There is an ongoing debate in Community Informatics about the need for a stronger conceptual and theoretical base in order to give the field disciplinary cohesion and direction. By investigating the body of reflective thinking in Information Systems, researchers in Community Informatics can develop a more rigorous theoretical context for their work. Information Systems can be considered as a fragmented adhocracy that allows many intellectual communities to co-exist under its umbrella. A sympathetic reading of Information Systems offers an opportunity to Community Informatics, in spite of its different orientation, to address both social and technological issues in its theoretical framework. This framework would be based on a common language that expresses a shared ontology and epistemology with Information Systems. Such a framework then allows Community Informatics to fully address its information systems problem solving agenda as well as its community problem solving activities. Strengthening this dual agenda will allow Community Informatics to work effectively with both the technical and social design and implementation problems. But it also provides Community Informatics with an opportunity to contribute to a discourse within Information Systems in order to broaden the traditional Information Systems concept of organisation and social action.
About 25 of us gathered on a fairly warm and humid August evening to enjoy The Big Neighborhood Supper. Artist Maggie Taylor worked hard all summer to collaboratively organize workshops , conceptualize a group gathering around local food and drink, and produce a meal in a lovely setting. She pulled it off, and then some! In Maggie’s back yard, we sat around home-made tables from discarded lumber found in an alley; set with 60-year-old china, vases of flowers from Rachel’s garden; placemats made from photos of local fruits, vegetables, and chickens (see photo); decorated with fabric and candles hanging in trees; and sprigs of herbs on each place setting. We all pitched in to prepare the food, and what food! Pesto and bread (thanks, Pekara!), chilled cucumber soup, salad greens with sweetpea currant tomatoes, grilled veggies, vegetable frittata, and half cantalopes filled with mint ice cream and warm plums. WOW. Almost everything was local, grown by the people who came to the meal. The four children, three dogs, and many adults were quite content when I left at 9:30 last night. We shared memories of food production and I met many new people, or got better acquainted with people who have been around as long as I have, but I haven’t talked to much. (Three of us were 56!) Thanks SO much, Maggie and all BNS participants!
The Builders Association performed their show, “Continuous City” last night here in Champaign-Urbana. I was intrigued by the publicity, since it was supposed to be about cities, social networking, and theatre all at once, and how cool is that? The funders also touted the “boundary-pushing” and “cross-cultural” understanding of interdisciplinary art productions like this one. First of all, I’m glad that Marianne Weems, director, Harry Sinclair, writer, et al., brought this to our campus. Weems has been and is in a position to really think about arts in a globalizing world, having directed some other interesting pieces here before–Alladeen and Super Vision–and co-edited, with Brian Wallis and Philip Yenawine, a book I’ve used, Art Matters: how the culture wars changed America. In the program notes, Weems cites Calvino’s Invisible Cities and Mike Davis’s Planet of Slums as contributing to the development of this work. So, the bar is set pretty high.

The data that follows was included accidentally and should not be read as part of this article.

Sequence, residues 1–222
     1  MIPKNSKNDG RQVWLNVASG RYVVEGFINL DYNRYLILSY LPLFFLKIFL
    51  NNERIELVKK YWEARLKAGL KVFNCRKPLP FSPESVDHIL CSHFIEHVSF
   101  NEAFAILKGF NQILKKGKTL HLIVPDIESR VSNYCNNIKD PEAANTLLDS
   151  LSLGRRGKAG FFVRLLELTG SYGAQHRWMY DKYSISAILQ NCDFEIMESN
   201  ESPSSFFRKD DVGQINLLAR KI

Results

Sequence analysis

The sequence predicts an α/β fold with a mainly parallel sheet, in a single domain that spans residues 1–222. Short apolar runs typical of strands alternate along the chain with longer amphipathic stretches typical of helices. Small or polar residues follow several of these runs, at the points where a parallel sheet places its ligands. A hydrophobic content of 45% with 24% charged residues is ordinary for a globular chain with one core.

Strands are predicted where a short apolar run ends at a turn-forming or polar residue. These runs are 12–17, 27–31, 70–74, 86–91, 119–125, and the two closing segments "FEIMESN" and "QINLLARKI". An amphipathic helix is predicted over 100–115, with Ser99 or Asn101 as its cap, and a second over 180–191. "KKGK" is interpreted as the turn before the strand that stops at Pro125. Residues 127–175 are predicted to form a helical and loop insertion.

On the plus side, the video work was pretty nifty and at times stunningly beautiful. I’d like to know more about how it was done. Peter Flaherty did the video design and you can learn more about him at www.thefourthefive.org The ideas behind the production were wonderful: video contributions from Shanghai, Mexico, Toronto, and KCPA, with an amusing “vlog” by Moe Angelos. Harry Sinclair as Mike was good as a globe-trotting, clueless father who, in his exhausted, unshaven way, was trying to sell a video-networking product he didn’t believe in, to people who already had satisfying in-the-flesh relationships. And his daughter, Sam, was great as a sullen, precocious, and cute kid.
But–of course there is a “but”–with all this techno-savvy and on-stage skill, the performance was ultimately about the lead character J.V.’s inability to have intimate relationships. That theme is treated much more profoundly and richly by many other playwrights. Rizwan Mirza’s J.V. didn’t convince me that he was a stressed out Internet entrepreneur. He seemed way too relaxed for that. And the metaphor of cutting off possibilities by going into a tunnel was really unsatisfying as an ending. I’m usually disappointed by endings, but this one seemed a cop-out.
Perhaps it comes down to “social architecture,” what Richard Farson in 1970 recognized as something we need to build in order to match (or compensate for, I’m not sure) the level of the technology we have set up. It seems like the technology on stage last night was flashy, sophisticated, funny, and capable of subtlety, but the dramatic storyline was too thin, too undeveloped, to support all that computer wizardry.
There were some inklings of social complexity, with food security, immigrants, and sprawl having brief mentions. It was thought-provoking as the family members were fuzzy and static-y, the images of Mike kept breaking up, and Sam kept hiding from her dad. But the evidence of resource-intensive, upper/middle-class ownership and production juxtaposed with a seeming lip service to papadum sellers in Mumbai or Vietnamese living in U.S. trailer parks rankled. Am I ungrateful that at least these folks are trying? No. Do I want more? Yes.